General discussion

Instant-on Desktops, do they exist?

I've owned an iPad for a while now, and one of the things I always bring up when faced with the usual Apple haters is that, for all it's shortcomings, the iPad (and smaller iPhone cousins) have one undeniable advantage. They boot up in around 1.5 seconds. Absolute instant-on, and I'm using the 1st-gen, I'm sure the 2nd ones are even faster.

I hear Apple took this technology (which I think is basically just an entirely solid-state design) and used it in their macbook air. I've never booted one of those up though, so I don't know if it is as blazingly fast, but it seems quite quick at any rate.

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Not yet, not a far as I know

But check out the first post in CNET's newest forum for the Chrome OS, the post announcing the forum by our Admin Lee;
http://forums.cnet.com/7723-32578_102-527183.html?tag=contentBody;threadListing

Looks like Google is introducing a Chromebook system June 15.

I think it is going to be very different. Everything is held in the Cloud, and nothing on the computer itself.

If you watch the video in that link, keep going, because the next video in the stream will be CNET's own initial review of the Samsung netbook with the new Chrome OS.

Hope that gives you some ideas.

Mark

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No

No... The new MacBook Airs all have SSDs instead of HDDs which means they boot VERY fast, but it's far from an instant on. Technically, the iPad never really shuts off, which is why it can turn on so fast. It's in more of a sleep/suspend mode.

But to do even that much requires a whole lot of highly customized circuitry for the iPad, which is really a lot closer to an iPhone or iPod Touch than a Macintosh computer.

The idea of the instant on computer has been kicked around for years, but no one has managed to make it cost effective yet, so it remains in the labs of researchers instead of in computers.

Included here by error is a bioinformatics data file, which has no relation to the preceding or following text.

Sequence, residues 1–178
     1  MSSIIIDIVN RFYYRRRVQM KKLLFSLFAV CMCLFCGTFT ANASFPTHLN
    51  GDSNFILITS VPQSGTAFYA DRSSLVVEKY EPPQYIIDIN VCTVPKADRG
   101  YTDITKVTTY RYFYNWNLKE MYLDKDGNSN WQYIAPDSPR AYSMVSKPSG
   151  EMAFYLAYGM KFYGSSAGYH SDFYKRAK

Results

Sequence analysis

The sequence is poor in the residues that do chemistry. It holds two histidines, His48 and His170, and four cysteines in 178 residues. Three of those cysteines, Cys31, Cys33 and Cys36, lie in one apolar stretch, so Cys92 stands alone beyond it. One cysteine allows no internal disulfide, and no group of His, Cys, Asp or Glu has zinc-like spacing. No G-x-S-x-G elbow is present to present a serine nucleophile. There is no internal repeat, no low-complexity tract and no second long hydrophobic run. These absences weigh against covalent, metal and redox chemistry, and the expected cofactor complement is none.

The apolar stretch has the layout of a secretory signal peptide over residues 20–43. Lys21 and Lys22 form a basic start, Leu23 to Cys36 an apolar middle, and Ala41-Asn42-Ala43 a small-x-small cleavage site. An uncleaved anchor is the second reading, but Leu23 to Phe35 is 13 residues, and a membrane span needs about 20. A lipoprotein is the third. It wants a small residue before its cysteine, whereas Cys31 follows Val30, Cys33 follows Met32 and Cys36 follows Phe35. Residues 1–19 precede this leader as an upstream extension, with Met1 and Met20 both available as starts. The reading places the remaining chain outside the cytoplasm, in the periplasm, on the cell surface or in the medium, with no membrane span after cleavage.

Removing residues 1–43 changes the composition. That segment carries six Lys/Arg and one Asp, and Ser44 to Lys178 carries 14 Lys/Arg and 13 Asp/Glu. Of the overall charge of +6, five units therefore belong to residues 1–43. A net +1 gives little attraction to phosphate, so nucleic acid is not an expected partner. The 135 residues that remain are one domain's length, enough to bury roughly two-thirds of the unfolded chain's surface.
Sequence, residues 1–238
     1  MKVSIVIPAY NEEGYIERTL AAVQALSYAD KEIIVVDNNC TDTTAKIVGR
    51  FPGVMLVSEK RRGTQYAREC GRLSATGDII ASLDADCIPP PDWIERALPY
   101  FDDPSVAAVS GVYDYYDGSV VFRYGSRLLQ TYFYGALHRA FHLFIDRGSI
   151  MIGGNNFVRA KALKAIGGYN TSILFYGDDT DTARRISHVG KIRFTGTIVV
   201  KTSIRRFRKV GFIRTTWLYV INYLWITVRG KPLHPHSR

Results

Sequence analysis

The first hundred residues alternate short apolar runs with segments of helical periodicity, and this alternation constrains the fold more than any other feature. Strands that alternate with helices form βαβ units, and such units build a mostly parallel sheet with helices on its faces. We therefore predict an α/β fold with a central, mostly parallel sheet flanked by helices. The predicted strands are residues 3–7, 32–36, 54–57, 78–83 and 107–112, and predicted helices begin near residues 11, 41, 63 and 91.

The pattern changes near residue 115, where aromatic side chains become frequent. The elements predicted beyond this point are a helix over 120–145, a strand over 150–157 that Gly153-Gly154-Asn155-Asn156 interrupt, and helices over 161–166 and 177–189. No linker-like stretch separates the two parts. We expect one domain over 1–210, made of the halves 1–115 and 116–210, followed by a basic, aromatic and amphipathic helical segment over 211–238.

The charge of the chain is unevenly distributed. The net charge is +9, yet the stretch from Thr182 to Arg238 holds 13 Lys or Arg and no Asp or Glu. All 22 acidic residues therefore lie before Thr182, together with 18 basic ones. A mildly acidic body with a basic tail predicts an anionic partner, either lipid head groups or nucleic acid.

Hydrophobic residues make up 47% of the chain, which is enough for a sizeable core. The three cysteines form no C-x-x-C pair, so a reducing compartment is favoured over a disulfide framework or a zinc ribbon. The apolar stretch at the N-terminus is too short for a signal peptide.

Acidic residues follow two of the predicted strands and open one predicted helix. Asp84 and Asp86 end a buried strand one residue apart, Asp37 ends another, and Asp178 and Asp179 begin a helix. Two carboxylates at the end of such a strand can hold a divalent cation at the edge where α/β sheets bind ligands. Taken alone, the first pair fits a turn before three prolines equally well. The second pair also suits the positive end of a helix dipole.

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Ah, I see...

Shame, I guess I'll have to wait for a truly TV-like experience in my computer setup.

I just like that the iPad responds in a similar way to opening a book (click and it's on). I was hoping to have a computer that responds in a similar way to a TV (push a button and you can start watching stuff).

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Must it be a desktop?

That Samsung and the Apple Air laptops power up in seconds.

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Yes but...

They're not really work-stations. Especially in the number of USB ports or screen-size.

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"work station"!

Now we're talking.

Why not some fast desktop with solid state drives and use sleep or hibernate?

That's now. It's today. It's as instant as it gets.
Bob

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That's the real great question though,

Do you shut off when not in use or use sleep/hibernate. I've heard everything from "it eats up a tremendous amount of memory" to "It will kill your hard drive". The only negative I've personally seen when using a sleep-only approach is that it will on occasion start an update in the middle of the night, waking me up with the (albeit soft) humming and blinking blue lights. That, and sometimes when waking him up from a long sleep, the computer would lock up or something, and I had to flick the power switch on the back to pull him out of it.

I'm guessing (hoping) this last one won't be as big an issue when I go SSD.

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I've used hibernate for over a decade.

Not one dead drive.

Odd!

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